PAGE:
Monthly Archives: August 2017

Elaine1

Diaphragmatic Breathing

Diaphragmatic Breathing

 Decrease Anxiety and Tension While Improving Core Strength...with Diaphragmatic Breathing

Breathing is an automatic and unconscious part of living. However, are there better ways to breathe? Can better breathing improve posture? Improve/maximize workouts? Decrease back//neck/shoulder pain and anxiety? The answer to all those questions is YES! Its called diaphragmatic breathing. Elaine1 Please take a moment and assess your own breathing patterns (both inhalation and exhalation). Lie on your back with knees bent (preferably a firm surface with no pillow under your head), now place one hand on your chest and one on your belly. Take a nice deep breath in! What rises first? Chest? Belly? Do your ribs move? Now exhale. What moves first? What should breathing look like? If you are using “ideal” breathing mechanics, the sequence for inhalation should be: ribs expand, belly rises, then chest rises (minimally); exhalation sequence: action should be led by ribs moving down and in, therefore both belly and chest collapse at the same time.

What is the diaphragm?

Elaine2The diaphragm is a huge, dome-shaped muscle at the bottom of the rib cage that serves as the main muscle for respiration and plays a vital role in the breathing process. Although it is used 24/7, it goes largely unnoticed (unless you get hiccups!). When breathing in, the diaphragm contracts, in conjunction with the intercostal muscles, it lowers the pressure in the thoracic cavity which enables air to enter the lungs. When breathing out, the diaphragm relaxes/elongates along with the intercostal muscles, allowing air to leave. Air may be forced out faster by increasing abdominal pressure using the transverse abdominis muscle.   The diaphragm also has an important role in stabilizing the core. It forms the top of the core ‘box,’ working with the internal and external obliques, quadratus lumborum, transversus abdominis and pelvic floor.   elaine3                

Benefits of proper diaphragmatic breathing patterns:

Relieves tension in neck and back

Many people with back/neck and even shoulder pain are “shallow breathers”, meaning when taking a deep breath in, the chest rises first and shoulders go up. “Shallow breathers” use accessory muscles such as scalenes and sternocleidomastoid for deep breathing which, over time, could lead to tightness and muscle imbalances through the neck/shoulder area. Tightness and muscle imbalance in these muscles can cause neck pain, shoulder pain, and even headaches. Initiating a breath with diaphragm, the ribs expands/move, allowing your back muscles (paraspinals) and your abdominals to lengthen. This creates movement through your thoracic spine (where ribs attach), provides natural traction to the lumbar spine (potentially improving disc health), relieving tension and improve mobility through entire spine.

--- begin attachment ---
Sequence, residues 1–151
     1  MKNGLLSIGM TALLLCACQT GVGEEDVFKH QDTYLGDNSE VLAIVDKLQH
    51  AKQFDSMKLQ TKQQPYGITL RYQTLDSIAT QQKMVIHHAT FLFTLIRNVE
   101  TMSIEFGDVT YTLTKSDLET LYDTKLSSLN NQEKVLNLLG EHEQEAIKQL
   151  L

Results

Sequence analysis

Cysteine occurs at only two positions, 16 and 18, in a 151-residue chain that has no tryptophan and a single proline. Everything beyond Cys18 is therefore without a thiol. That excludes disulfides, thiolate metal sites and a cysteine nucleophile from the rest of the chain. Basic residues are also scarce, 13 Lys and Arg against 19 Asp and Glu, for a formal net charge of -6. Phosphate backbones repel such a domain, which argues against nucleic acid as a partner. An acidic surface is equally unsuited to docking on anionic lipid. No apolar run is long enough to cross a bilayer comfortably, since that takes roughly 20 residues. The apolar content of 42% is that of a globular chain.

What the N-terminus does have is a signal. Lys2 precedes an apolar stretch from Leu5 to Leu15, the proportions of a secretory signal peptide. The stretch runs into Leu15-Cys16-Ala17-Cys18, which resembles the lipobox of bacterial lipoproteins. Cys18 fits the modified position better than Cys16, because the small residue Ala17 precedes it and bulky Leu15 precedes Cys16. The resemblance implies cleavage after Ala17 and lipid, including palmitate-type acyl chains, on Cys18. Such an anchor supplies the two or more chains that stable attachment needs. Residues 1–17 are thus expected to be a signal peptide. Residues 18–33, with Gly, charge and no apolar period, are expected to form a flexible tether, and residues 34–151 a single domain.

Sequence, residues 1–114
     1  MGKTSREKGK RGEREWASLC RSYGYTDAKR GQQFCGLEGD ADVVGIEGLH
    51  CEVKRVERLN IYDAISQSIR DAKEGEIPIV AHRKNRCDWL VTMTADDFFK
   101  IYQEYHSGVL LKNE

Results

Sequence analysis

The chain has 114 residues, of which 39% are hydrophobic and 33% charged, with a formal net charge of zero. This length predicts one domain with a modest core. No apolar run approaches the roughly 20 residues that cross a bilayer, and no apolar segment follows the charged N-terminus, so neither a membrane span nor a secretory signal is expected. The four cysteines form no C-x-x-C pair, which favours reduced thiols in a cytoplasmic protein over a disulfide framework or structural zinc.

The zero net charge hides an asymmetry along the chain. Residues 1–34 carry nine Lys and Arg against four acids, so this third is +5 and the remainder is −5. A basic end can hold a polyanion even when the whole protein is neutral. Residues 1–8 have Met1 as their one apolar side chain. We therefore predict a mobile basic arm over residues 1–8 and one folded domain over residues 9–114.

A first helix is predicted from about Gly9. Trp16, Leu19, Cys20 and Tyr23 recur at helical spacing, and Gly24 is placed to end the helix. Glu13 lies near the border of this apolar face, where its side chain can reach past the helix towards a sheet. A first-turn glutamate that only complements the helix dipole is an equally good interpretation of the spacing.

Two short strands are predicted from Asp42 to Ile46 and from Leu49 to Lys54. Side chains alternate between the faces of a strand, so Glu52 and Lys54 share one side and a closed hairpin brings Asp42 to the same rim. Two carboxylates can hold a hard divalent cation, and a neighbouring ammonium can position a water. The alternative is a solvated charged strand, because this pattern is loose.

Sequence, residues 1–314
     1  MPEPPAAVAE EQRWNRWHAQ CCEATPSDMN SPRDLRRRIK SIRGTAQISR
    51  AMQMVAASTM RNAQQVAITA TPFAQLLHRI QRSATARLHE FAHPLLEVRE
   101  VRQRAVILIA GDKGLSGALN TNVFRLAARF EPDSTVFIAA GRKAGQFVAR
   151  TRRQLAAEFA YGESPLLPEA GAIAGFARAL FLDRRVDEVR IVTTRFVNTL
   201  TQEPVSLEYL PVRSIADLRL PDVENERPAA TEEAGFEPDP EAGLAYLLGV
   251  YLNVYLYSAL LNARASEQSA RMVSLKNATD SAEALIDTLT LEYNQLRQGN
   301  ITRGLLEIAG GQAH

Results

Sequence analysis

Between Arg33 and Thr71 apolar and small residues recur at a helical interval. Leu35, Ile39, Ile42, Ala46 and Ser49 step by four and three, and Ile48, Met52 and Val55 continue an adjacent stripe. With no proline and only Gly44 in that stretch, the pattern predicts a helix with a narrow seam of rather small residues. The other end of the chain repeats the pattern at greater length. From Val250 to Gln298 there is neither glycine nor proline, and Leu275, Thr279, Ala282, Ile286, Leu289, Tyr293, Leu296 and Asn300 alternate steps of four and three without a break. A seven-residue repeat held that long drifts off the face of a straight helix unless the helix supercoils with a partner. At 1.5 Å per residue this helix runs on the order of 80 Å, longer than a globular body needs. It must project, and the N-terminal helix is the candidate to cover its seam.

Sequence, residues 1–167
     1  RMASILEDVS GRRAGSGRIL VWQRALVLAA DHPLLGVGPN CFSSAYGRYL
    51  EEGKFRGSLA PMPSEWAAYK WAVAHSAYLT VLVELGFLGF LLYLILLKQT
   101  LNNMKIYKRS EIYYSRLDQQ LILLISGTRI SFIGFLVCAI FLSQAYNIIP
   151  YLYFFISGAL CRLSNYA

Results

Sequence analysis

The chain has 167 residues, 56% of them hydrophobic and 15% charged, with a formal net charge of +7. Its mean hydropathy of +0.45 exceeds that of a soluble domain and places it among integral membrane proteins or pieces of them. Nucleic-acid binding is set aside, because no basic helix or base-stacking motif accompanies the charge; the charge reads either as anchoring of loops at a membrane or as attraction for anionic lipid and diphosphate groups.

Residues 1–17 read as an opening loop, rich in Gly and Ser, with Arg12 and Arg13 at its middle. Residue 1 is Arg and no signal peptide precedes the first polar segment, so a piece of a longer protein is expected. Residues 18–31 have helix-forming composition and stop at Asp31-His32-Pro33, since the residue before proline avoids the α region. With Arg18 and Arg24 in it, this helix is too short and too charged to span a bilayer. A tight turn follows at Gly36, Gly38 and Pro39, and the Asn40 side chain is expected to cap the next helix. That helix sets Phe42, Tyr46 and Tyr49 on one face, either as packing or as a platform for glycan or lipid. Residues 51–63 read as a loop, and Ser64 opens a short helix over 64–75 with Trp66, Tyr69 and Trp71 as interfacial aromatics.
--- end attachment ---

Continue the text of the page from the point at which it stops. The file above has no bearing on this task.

Improves calming system and decrease anxiety

Proper diaphragmatic lengthening and contraction (through proper deep breathing) activates the vagus nerve and triggers a relaxation response (parasympathetic).  If the diaphragm never contracts properly, the body is held in “fight or flight” state (sympathetic nervous system), which could lead to rapid, shallow breathing and feeling anxious. Deep breathing for just 20 to 30 minutes each day will increases the supply of oxygen to your brain, reduce anxiety and reduce stress. Breathing techniques help you feel connected to your body—it brings your awareness away from the worries in your head and quiets your mind. The relaxation response is critical in order for your body to heal, repair and renew.

Improves core strength

During the inhalation portion of breathing, the diaphragm contracts and moves down (opens like an umbrella), the ribcage expands, and the “core” muscles lengthens (transverse abdominus and obliques). As with any other muscle groups, there has to be a lengthening and shortening in order to strengthen (take your bicep for example). During the exhalation portion of breathing, the diaphragm relaxes, the ribs moves in and down allowing for obliques and other “core” muscles to contract (including pelvic floor) and improve core strength. Active exhalation can be achieved by contraction of the abdominal wall muscles (rectus abdominis, transverse abdominis, external oblique muscle and internal oblique muscle). An amazing foundation starts with great breathing. Take a deep breath... Thank you for reading. If you have any further questions, please visit www.pureptandwellness.com, call 813-773-3494 or email elaine@pureptandwellness.com Elaine Coetzee PT, DPT, ATC Owner, Physical Therapist Pure PT and Wellness, LLC *All content created for educational purposes only. If you are experiencing pain or looking to optimize your movement, schedule a free 15-minute phone call with me to discuss steps to handle this. Always seek advice of your physician or other qualified health provider with any questions you may have regarding a medical condition. Never disregard professional medical advice or delay seeking it because of something you have read online.